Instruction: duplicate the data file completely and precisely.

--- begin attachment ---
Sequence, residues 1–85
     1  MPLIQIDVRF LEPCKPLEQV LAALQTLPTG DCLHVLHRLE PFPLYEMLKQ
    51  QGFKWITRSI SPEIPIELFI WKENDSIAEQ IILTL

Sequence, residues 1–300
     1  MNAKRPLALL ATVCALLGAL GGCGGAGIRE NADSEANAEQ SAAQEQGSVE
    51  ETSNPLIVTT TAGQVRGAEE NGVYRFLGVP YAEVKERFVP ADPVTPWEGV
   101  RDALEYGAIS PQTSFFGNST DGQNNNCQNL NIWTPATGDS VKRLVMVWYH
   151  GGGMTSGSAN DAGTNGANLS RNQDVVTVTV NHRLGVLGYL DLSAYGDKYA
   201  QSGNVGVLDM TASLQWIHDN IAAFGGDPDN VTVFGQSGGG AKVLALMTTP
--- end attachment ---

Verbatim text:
Sequence, residues 1–85
     1  MPLIQIDVRF LEPCKPLEQV LAALQTLPTG DCLHVLHRLE PFPLYEMLKQ
    51  QGFKWITRSI SPEIPIELFI WKENDSIAEQ IILTL

Sequence, residues 1–300
     1  MNAKRPLALL ATVCALLGAL GGCGGAGIRE NADSEANAEQ SAAQEQGSVE
    51  ETSNPLIVTT TAGQVRGAEE NGVYRFLGVP YAEVKERFVP ADPVTPWEGV
   101  RDALEYGAIS PQTSFFGNST DGQNNNCQNL NIWTPATGDS VKRLVMVWYH
   151  GGGMTSGSAN DAGTNGANLS RNQDVVTVTV NHRLGVLGYL DLSAYGDKYA
   201  QSGNVGVLDM TASLQWIHDN IAAFGGDPDN VTVFGQSGGG AKVLALMTTP